By Matt Kalman, CBS Boston
BOSTON (CBS) -- From the time he learned he would require an ablation to correct his irregular heart rhythm through the day he had the procedure nearly two months later, Bruins defenseman Charlie McAvoy handled the uncertainty about his health with same aplomb he's always handled the puck against aggressive forecheckers.
In fact, general manager Don Sweeney singled out McAvoy's ability to block his upcoming procedure from becoming a distraction as what impressed him the most about the 20-year-old during his unique situation.
"That is what's probably been one of the most amazing things, is how well he has handled it knowing that this was on deck and going out and playing at the level he was," Sweeney said a week after the Jan. 22 procedure. "It says a lot about him."
While McAvoy was going about his business with the Bruins, his family in New York was similarly confident all would be well. Combined with the natural concern any parent has for a child when even the slightest health concern arises, Charlie McAvoy Sr. was comfortable with the way his son and the team were handling the situation.
Dating back to the younger McAvoy's time at Boston University the family had been assured that McAvoy's condition wasn't life threatening and the racing heart rate might not reoccur, even if he didn't get the ablation done. When McAvoy, his family and his doctors decided the procedure would still be the best path forward, the elder McAvoy was able to remain calm. In addition to the best doctors' advice, the McAvoy family was also able to consult with a few athletes who had a similar procedure, including U.S. National Soccer Team captain Clint Dempsey.
"They let Charlie know that they were back on the field in two weeks, you know," McAvoy Sr. said. "So it made us feel very comfortable too, not knowing that much about it, what was going on with it, other than the fact that it was not a risk just to live with it or to have it done."
Within a week McAvoy was back on the ice and in less than two weeks he returned to game action Feb. 3 for the Bruins. The NHL schedule worked out fortuitously for the elder McAvoy because the Bruins visited the New York Rangers on Wednesday and he was able to see his son's third game back in the lineup.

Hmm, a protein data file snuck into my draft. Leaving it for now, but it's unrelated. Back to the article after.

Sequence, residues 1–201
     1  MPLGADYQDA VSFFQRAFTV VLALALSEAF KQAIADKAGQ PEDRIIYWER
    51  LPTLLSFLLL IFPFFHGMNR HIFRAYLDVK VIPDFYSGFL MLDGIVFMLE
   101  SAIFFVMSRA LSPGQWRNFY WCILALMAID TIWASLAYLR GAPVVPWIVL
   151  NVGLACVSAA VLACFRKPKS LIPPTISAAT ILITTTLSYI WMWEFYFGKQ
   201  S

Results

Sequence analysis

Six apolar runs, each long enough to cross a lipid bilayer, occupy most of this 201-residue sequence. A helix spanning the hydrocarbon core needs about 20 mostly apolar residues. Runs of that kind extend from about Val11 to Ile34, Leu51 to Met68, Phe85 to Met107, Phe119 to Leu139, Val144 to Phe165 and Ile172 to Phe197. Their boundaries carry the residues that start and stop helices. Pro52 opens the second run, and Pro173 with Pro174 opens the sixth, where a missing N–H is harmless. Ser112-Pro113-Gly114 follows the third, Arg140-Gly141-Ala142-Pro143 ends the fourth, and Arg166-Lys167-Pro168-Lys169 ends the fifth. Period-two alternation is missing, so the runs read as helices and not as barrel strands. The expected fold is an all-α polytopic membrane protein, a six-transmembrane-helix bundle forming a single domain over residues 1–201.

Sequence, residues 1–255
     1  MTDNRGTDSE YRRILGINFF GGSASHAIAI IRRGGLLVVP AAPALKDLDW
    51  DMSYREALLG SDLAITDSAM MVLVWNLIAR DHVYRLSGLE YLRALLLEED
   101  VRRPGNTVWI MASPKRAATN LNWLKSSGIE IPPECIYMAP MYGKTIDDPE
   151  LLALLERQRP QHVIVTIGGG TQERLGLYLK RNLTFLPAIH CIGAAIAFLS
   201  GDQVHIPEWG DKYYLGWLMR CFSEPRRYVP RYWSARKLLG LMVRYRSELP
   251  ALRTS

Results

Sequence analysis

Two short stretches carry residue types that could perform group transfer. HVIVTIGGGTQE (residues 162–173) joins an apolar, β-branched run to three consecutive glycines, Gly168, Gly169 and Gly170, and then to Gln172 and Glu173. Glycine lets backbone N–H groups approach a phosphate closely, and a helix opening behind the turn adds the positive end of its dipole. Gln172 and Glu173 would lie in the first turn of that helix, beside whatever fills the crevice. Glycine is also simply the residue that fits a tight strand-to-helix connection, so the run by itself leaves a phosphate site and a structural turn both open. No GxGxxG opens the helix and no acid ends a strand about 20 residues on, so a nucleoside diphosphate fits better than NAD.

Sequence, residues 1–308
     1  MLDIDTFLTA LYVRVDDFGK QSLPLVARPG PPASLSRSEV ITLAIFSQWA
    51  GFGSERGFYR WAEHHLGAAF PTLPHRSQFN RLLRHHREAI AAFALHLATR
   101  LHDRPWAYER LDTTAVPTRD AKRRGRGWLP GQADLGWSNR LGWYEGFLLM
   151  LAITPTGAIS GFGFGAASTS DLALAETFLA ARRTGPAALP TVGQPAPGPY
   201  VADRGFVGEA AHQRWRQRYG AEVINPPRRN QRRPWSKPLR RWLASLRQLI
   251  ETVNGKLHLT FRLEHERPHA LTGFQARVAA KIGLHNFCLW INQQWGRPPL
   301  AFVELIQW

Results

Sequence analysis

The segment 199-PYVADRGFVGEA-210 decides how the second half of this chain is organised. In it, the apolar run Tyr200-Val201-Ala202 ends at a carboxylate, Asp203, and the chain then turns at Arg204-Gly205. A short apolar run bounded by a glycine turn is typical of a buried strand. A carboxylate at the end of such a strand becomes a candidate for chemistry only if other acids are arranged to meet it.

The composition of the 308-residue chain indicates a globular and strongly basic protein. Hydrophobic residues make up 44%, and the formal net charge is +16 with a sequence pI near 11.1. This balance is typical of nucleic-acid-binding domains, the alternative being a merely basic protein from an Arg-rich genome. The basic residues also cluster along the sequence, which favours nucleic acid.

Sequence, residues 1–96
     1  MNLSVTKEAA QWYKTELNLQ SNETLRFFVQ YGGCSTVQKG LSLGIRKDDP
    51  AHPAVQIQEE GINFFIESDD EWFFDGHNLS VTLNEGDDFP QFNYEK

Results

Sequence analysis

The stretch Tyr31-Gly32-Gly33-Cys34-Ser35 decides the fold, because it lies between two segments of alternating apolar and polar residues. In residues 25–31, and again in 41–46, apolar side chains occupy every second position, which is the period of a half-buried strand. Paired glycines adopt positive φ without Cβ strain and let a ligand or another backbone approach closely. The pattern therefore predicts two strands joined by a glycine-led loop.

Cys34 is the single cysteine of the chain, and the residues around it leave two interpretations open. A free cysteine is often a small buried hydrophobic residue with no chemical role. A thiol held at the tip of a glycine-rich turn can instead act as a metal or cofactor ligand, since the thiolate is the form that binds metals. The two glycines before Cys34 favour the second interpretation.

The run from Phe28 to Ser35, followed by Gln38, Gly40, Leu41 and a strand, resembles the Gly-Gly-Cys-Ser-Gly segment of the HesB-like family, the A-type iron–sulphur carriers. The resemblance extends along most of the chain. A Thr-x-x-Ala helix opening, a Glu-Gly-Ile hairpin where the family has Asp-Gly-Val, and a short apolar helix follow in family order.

Once a Rangers season ticket holder when McAvoy was in grade school, the elder McAvoy has been to MSG countless times, including earlier this season when his son played there for the Bruins. This time around, though, was a little more special because of what his son has been through and come back from over the past month.
"It was terrific to see him," McAvoy Sr. said.
McAvoy Sr. said he still gets chills every time he sees his son take the NHL ice.
"That's something we don't take for granted, that's for sure," he said.
It was easier for the family to stay calm leading up to and after McAvoy's procedure because of how much poise he showed handling his situation. McAvoy's assurance, whether he's making a quick first pass or blocking out health concerns, is something that's grown naturally in him and also been preached to him by his family.
"He doesn't get rattled that easily, he takes one step at a time, handles things as they come," McAvoy Sr. said. "We taught him never to get ahead of yourself, stay grounded. Because a lot of things happen out of our control, so he has always maintained stay where your feet are, don't get too ahead of himself in any way. That's when you really start to get in trouble. He doesn't show much panic and that's a great feature that he has."
It's a feature that brought him through what could've been a disconcerting time, and now should help McAvoy continue to succeed through the rest of his NHL career.
Matt Kalman covers the Bruins for CBSBoston.com and also contributes to NHL.com and several other media outlets. Follow him on Twitter @MattKalman.
for more features.